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|Figure 6: Placing of multilayered A-PRF membranes inside the subperiosteal tunnel. A-PRF: Advanced platelet-rich fibrin|
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At 1 month, the wound healing was uneventful, and complete root coverage was obtained in all the involved teeth. At 3 months, the results were stable and the patient conveyed contentment as dental hypersensitivity was no longer persisted [Figure 8]. Furthermore, the gingival biotype was observed to be thick and the width of keratinized gingiva (WKG) had increased [Table 1].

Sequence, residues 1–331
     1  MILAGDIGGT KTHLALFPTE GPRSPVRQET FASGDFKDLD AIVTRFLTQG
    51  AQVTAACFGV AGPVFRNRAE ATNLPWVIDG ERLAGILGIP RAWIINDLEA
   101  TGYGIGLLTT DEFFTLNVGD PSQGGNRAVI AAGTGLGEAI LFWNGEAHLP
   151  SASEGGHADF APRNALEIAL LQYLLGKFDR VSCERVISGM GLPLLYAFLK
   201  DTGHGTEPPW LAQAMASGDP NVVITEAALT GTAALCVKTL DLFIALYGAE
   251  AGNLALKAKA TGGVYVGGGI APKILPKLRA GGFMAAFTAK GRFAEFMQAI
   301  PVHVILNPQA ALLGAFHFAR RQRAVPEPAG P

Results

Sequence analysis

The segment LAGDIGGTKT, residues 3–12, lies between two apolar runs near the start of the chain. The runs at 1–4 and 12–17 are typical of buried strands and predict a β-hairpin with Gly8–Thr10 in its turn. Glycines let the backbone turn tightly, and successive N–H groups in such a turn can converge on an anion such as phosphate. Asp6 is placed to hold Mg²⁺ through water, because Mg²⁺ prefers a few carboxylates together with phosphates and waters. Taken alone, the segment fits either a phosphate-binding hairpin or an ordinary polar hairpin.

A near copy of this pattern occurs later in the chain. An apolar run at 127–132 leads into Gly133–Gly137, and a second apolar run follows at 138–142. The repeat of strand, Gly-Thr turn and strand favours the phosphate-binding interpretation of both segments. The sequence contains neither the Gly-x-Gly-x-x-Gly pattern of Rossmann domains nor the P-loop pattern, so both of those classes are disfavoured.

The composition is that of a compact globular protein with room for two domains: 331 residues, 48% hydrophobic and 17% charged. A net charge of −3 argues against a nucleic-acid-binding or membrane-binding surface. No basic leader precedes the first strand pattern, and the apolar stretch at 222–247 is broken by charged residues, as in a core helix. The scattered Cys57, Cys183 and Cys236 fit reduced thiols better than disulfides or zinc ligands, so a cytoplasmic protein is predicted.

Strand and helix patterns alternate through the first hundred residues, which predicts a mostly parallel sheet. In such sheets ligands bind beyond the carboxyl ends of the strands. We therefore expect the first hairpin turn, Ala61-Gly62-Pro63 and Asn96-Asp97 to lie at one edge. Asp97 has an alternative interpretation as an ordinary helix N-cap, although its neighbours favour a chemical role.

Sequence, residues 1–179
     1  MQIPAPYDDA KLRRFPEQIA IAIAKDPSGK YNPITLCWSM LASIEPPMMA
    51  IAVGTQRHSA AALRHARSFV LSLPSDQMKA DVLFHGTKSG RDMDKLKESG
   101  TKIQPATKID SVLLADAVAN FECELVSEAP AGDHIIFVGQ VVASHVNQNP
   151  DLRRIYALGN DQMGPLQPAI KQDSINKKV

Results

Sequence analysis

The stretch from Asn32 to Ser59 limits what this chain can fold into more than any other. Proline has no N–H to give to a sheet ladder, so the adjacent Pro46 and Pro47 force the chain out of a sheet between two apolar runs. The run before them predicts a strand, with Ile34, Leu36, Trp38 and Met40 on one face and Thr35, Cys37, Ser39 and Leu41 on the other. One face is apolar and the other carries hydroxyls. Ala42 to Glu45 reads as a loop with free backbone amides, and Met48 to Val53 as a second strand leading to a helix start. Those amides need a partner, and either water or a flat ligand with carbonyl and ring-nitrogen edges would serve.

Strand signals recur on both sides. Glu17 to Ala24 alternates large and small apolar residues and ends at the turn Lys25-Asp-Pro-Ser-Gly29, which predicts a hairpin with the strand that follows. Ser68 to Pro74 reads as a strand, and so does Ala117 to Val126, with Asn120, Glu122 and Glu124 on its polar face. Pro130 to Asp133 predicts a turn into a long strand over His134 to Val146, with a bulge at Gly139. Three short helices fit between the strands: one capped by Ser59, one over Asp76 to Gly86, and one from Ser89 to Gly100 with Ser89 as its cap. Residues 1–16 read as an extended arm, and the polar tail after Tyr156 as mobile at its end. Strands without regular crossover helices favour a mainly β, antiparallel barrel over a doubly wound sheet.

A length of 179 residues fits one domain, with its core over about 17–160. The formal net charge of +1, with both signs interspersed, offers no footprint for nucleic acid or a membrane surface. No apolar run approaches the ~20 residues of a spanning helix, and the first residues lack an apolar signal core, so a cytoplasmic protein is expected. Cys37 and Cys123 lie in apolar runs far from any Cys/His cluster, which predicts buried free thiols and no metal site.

|Figure 8: Three months postoperative view showing complete root coverage|
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| Discussion|| |